Dictionary

blandish

verb blan·dish \ˈblan-dish\

Definition of BLANDISH

transitive verb
:  to coax with flattery :  cajole
intransitive verb
:  to act or speak in a flattering or coaxing manner
blan·dish·er noun

Examples of BLANDISH

  1. <blandished her into doing their work for them by complimenting her shamelessly>

Origin of BLANDISH

Middle English, from Anglo-French blandiss-, stem of blandir, from Latin blandiri, from blandus mild, flattering
First Known Use: 14th century

Synonym Discussion of BLANDISH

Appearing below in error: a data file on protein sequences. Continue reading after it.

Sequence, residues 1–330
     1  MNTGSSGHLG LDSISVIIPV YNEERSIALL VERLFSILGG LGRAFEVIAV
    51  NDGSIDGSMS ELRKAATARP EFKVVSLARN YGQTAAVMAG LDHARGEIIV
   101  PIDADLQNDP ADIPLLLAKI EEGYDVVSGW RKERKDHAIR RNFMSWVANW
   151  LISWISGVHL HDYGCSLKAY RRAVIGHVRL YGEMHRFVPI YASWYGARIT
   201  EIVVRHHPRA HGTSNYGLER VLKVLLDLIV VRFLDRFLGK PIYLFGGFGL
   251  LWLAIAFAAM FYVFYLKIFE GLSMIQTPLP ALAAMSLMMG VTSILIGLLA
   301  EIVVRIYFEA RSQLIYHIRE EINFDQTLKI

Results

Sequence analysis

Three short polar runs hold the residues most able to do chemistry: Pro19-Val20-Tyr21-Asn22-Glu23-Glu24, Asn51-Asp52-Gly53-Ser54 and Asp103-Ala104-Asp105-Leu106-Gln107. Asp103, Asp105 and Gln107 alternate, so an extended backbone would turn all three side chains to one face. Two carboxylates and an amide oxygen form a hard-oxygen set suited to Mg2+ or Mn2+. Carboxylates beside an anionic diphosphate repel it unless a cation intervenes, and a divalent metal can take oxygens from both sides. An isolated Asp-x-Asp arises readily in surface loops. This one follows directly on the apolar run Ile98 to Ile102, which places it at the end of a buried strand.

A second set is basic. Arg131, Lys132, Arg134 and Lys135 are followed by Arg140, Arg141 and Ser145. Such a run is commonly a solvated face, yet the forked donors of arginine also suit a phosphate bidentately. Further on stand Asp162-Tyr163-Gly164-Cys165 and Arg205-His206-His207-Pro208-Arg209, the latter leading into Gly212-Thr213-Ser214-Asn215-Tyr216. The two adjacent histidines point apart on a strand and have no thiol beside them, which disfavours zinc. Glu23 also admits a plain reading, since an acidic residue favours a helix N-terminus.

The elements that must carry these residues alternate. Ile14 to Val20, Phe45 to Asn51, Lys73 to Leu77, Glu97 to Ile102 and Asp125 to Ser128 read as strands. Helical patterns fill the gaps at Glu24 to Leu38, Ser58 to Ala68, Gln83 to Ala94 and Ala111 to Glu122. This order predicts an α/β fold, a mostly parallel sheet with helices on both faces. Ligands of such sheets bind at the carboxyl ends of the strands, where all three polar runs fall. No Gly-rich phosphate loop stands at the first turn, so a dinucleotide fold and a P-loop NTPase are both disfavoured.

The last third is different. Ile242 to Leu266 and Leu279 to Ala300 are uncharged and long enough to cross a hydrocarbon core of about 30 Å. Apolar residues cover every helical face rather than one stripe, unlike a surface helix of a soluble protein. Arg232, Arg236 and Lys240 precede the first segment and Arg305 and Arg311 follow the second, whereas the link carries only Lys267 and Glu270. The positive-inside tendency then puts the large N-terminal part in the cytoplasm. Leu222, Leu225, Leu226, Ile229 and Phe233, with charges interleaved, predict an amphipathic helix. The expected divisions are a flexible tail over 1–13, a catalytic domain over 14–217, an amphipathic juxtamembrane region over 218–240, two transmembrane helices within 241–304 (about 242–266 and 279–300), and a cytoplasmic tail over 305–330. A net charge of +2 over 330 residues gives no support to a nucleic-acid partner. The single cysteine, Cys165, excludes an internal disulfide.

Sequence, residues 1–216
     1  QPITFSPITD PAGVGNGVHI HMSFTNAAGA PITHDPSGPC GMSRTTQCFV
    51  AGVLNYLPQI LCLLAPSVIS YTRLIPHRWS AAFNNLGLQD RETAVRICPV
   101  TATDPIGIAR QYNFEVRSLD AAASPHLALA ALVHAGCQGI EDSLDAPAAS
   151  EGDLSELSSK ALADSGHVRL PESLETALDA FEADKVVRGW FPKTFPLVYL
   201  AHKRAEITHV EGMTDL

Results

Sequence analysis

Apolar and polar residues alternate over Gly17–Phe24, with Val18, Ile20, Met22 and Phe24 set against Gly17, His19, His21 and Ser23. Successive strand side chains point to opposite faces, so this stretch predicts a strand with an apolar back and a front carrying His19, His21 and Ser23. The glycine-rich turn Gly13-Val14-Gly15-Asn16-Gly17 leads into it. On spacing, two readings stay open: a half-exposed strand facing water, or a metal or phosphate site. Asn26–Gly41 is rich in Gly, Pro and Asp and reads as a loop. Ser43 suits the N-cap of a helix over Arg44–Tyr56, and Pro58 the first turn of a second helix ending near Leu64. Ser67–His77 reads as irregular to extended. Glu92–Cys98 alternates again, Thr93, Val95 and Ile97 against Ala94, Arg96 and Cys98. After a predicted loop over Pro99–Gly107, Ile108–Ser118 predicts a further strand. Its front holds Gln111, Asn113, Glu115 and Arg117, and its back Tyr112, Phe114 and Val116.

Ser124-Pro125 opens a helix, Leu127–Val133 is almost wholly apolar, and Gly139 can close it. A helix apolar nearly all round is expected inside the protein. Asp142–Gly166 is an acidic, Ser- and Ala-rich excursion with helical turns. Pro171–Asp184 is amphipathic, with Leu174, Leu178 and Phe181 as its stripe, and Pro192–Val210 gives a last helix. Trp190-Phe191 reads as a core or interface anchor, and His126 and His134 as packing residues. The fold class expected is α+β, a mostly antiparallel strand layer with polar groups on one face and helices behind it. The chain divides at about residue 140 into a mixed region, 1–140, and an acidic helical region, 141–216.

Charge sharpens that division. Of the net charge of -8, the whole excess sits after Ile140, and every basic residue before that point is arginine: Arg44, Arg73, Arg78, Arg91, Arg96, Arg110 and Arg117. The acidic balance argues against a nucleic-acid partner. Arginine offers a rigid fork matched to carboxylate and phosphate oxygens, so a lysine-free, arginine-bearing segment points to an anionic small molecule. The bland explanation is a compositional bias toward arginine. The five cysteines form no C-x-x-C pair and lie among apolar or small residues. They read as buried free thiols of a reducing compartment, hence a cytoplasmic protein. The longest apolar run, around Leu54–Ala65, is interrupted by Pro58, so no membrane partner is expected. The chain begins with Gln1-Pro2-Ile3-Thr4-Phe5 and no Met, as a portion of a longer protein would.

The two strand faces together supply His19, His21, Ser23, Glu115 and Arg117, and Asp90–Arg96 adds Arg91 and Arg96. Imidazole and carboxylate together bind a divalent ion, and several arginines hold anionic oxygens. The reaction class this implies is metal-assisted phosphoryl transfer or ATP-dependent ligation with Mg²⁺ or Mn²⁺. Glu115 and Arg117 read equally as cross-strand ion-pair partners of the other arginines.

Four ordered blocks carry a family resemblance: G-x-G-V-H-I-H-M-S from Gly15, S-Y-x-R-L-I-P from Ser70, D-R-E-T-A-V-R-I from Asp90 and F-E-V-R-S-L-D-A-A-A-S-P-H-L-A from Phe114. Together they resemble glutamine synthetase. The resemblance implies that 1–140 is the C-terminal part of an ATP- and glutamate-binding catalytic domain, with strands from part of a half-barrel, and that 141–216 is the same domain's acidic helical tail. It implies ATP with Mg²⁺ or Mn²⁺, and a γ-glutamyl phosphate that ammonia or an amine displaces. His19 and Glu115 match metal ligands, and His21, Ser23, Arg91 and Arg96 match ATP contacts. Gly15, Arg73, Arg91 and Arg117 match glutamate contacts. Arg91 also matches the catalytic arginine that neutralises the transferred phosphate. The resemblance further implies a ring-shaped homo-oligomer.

cajole, coax, soft-soap, blandish, wheedle mean to influence or persuade by pleasing words or actions. cajole suggests the deliberate use of flattery to persuade in the face of reluctance or reasonable objections <cajoled him into cheating on the final exam>. coax implies gentle and persistent words or actions employed to produce a desired effect <coaxed the cat out of the tree>. soft-soap refers to using smooth and somewhat insincere talk usually for personal gain <politicians soft-soaping eligible voters>. blandish implies a more open desire to win a person over by effusive praise and affectionate actions <legislators blandished with promises of support>. wheedle suggests more strongly than cajole the use of seductive appeal or artful words in persuading <hucksters wheedling her life's savings out of her>.

Rhymes with BLANDISH

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